The policy pieces inserted in the tax bill include:
- Requiring cities and counties to hold a public election to raise property tax income by more than the rate of inflation. An exception would be granted for infrastructure needs and compliance with federal and state mandates.
- Expanding by $10 million a program where the state helps fund private school tuition for certain students;
- Requiring automatic tax cuts if state income grows more than two and one half percent in a year, adjusted for required spending on pensions (KPERS) (this goes into effect in 2019);
- Granting a tax cut for Christmas tree farmers.
I don’t know how many times this Session I have been told that if you don’t vote for this bill the next one will be worse. We were told numerous times that this bill or that bill would be “the last train leaving the station and you had better be on it.” We had the manufactured crisis of government furloughs. Many in Topeka work to create crises so legislators will make decisions out of fear instead of working toward good policy. All of these efforts to operate out of fear made the session drag on for 113 days, 23 days longer than it should have. One of my favorite quotes by Mark Twain is: “There are lies, damned lies and statistics.” You definitely have to look deep into the data that is presented in Topeka to find the truth.
I will continue to get to the facts so we can work toward a long-term solution to the financial hole being dug in Topeka. The practice of deficit borrowing and smoke and mirrors with the numbers is not acceptable, and our state deserves better than that. This year’s budget and tax plan borrowed $1 billion to fund KPERS, sweeps $350 million a year from the state highway fund, and increases taxes on health insurance. The Governor is expected to announce another $50 million in cuts in order to achieve a minimal ending balance, which will still be far short of the ending balance required by law. We cannot continue to take this short-sighted approach.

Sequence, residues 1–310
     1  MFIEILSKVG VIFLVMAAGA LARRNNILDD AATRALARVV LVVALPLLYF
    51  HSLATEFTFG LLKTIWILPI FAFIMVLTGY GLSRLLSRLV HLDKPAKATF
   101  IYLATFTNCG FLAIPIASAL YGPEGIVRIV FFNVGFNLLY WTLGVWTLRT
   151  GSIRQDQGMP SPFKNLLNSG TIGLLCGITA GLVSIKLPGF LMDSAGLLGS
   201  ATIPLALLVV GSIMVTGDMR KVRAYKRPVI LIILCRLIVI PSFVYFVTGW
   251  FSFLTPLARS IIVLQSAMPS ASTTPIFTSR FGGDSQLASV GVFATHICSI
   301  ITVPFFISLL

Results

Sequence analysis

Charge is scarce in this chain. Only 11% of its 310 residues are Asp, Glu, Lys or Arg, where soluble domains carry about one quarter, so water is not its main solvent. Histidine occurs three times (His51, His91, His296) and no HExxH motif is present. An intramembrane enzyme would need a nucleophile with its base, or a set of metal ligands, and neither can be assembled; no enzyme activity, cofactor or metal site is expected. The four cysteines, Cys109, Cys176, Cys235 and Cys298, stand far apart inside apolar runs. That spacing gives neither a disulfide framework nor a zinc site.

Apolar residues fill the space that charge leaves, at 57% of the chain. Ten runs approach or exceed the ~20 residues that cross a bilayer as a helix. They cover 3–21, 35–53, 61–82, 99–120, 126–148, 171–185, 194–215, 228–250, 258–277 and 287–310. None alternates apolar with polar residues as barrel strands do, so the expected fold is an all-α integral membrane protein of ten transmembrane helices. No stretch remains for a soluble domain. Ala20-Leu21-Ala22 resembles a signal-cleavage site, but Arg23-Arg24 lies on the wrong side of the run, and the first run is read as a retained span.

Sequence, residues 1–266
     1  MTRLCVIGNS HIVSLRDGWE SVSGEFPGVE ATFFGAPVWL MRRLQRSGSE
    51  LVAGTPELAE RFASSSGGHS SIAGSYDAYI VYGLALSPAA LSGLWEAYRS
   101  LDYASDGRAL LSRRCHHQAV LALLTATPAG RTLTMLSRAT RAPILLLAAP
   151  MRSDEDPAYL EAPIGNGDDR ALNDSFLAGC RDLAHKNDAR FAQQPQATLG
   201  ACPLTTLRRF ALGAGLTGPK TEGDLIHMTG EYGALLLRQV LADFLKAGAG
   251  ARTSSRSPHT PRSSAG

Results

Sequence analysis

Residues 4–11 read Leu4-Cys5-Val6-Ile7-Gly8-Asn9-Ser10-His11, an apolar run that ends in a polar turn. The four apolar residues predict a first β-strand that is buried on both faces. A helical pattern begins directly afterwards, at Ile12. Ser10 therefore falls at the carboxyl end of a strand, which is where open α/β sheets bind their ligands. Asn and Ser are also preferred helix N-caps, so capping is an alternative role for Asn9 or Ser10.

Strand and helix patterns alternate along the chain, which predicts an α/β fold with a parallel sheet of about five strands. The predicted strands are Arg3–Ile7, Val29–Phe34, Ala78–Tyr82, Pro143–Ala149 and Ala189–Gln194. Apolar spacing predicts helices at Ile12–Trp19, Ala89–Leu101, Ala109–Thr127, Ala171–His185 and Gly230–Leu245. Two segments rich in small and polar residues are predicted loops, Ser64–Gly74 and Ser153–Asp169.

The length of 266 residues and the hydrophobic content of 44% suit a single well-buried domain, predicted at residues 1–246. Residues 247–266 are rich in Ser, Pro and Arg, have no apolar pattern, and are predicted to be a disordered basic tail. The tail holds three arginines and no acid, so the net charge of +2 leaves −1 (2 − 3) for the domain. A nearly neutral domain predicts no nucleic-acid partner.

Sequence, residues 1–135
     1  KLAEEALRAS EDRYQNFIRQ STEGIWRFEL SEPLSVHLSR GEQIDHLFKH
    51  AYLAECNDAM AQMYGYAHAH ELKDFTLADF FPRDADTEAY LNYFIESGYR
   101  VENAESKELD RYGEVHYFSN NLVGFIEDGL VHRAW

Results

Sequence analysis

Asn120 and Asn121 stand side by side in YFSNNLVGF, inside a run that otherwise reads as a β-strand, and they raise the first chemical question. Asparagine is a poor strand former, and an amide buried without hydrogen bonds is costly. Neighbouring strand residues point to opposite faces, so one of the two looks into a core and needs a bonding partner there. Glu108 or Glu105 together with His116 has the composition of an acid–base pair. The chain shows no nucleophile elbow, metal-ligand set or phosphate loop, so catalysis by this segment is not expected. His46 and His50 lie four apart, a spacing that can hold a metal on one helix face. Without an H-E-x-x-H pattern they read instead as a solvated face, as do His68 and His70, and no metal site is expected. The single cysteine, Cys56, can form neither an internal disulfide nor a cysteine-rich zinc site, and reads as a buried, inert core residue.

Local control and local government was another area that took a hit this year. The Legislature essentially hamstrung the ability of our local elected officials to fund local government. It was continually asserted this Session that “Topeka knows best” – we saw it in everything from local elections to local control of the purse strings. Most notably was the increase in the state sales tax to historic levels that will eventually shut off this source of funding for local communities and the block grant funding of schools that is forcing many local school boards to tap out their local option budgets. I believe less is more when it comes to state mandates. Our local elected officials should be trusted to do what’s best for our local community without unncessary intervention and added restrictions from the state.
My favorite quote of the week was from Dwight D. Eisenhower: “What counts is not necessarily the size of the dog in the fight – it’s the size of the fight in the dog.”
Thank you for the opportunity to serve. Together, we can continue this fight for real revenue reform. Please contact me anytime My email is Shannon.firstname.lastname@example.org